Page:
Nearly every program in the country has a full-time staffer monitoring the portal. Some have multiple. Still others have former coaches – in some cases, head coaches – as part of the portal staff, breaking down game tape and filing reports with the head coach.
The move for more player mobility is all part of an increased emphasis by the NCAA on a player-friendly experience for student-athletes. NIL opportunities, the transfer portal, and eligibility waivers that almost never are denied.
Once the Playoff is expanded to 12 teams and the media rights contract increases by as much as $600 million a year, cost of attendance stipends for student-athletes will increase. It won’t technically be termed “pay for play” – but that’s what it will be.
The NCAA – or what’s left of it after reorganization – is attempting to protect itself from a prolonged legal battle with players. These steps aimed at a more player-friendly system are part of the process.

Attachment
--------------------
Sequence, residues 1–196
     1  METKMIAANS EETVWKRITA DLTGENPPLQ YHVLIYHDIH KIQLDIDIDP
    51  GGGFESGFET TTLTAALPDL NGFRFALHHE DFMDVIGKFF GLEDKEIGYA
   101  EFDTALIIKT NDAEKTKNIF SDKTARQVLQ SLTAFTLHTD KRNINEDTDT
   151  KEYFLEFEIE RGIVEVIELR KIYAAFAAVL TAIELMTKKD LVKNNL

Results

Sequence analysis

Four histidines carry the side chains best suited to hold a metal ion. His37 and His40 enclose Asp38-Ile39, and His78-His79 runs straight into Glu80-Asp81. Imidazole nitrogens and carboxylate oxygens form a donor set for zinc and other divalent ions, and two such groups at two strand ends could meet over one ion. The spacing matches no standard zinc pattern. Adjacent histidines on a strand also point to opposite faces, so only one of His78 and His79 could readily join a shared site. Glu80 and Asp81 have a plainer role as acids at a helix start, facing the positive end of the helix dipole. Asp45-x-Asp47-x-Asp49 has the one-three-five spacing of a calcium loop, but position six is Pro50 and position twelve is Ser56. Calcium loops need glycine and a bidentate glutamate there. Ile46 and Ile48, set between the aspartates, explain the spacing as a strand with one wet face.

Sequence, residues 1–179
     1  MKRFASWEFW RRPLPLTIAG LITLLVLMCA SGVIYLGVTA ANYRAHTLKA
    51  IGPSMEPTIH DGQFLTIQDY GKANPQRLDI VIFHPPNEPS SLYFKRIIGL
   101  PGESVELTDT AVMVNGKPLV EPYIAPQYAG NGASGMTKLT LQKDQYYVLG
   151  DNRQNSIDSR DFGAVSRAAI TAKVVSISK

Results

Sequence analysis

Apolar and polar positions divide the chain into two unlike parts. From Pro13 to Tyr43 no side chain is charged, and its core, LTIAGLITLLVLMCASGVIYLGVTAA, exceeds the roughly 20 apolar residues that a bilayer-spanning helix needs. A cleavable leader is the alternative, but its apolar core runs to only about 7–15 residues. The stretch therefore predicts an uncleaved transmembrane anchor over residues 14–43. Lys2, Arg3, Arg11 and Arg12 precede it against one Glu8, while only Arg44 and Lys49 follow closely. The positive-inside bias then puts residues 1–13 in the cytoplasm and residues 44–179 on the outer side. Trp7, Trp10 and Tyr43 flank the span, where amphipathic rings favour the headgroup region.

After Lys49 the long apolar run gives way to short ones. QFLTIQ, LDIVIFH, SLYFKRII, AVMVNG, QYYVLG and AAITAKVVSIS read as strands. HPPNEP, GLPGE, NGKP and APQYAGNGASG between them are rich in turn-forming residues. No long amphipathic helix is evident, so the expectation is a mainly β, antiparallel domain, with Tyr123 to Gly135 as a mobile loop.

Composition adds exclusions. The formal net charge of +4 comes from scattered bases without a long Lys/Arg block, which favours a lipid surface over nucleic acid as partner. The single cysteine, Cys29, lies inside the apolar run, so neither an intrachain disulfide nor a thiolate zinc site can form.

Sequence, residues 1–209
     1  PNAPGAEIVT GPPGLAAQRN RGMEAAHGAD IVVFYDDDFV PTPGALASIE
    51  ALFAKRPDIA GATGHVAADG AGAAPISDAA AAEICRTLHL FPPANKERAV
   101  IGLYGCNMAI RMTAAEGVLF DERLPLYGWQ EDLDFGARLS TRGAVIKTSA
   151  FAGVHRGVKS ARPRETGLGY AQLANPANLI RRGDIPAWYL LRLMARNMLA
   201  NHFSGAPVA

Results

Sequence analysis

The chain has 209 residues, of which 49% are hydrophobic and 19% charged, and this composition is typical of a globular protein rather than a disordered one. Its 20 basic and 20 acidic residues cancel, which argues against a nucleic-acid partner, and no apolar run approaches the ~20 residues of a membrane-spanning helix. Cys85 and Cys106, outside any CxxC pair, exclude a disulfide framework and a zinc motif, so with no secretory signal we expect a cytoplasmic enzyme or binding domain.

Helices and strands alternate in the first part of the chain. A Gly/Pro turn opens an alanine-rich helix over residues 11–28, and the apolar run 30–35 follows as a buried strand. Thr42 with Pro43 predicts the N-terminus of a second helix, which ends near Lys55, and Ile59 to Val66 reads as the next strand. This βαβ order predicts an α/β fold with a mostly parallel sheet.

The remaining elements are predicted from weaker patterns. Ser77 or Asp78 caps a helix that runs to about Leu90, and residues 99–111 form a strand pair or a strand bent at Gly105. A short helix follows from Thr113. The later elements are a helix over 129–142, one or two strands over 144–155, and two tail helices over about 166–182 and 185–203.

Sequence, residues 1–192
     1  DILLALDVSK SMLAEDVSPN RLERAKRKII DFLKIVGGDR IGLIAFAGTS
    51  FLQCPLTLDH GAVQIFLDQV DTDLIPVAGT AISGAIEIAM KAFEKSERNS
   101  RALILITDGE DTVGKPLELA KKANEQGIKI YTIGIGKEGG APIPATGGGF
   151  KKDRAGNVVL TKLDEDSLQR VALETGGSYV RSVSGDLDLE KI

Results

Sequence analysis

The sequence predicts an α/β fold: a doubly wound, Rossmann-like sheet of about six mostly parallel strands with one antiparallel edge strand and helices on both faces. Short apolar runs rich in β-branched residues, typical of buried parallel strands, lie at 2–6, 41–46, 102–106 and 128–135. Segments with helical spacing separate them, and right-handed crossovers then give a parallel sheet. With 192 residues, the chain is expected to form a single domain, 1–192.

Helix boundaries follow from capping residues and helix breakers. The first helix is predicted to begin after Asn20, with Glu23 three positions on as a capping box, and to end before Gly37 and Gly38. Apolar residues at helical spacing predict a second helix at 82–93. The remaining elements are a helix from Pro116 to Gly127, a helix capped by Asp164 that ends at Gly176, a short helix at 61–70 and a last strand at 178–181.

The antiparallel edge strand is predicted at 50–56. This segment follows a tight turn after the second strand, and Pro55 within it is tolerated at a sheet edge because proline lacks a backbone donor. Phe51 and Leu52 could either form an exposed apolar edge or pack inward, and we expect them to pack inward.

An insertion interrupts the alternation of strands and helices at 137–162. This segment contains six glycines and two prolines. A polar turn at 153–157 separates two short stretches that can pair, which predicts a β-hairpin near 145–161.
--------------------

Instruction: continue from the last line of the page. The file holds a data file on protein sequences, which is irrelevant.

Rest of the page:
“It’s not just a different world, it’s another planet for a lot of (coaches), and trust me, age has nothing to do with it,” a Power 5 athletic director said. “Young coaches, old coaches. It was always, ‘run through that wall’ – and there was never a question of why. Now ‘why’ is the first answer to almost every question.”
To QB, or not QB
There are two ways to look at Stetson Bennett’s commitment to return to Georgia for the 2022 season:
— Oklahoma QB Caleb Williams, the top player in the transfer portal, more than likely isn’t signing with Georgia (the likely spot is USC).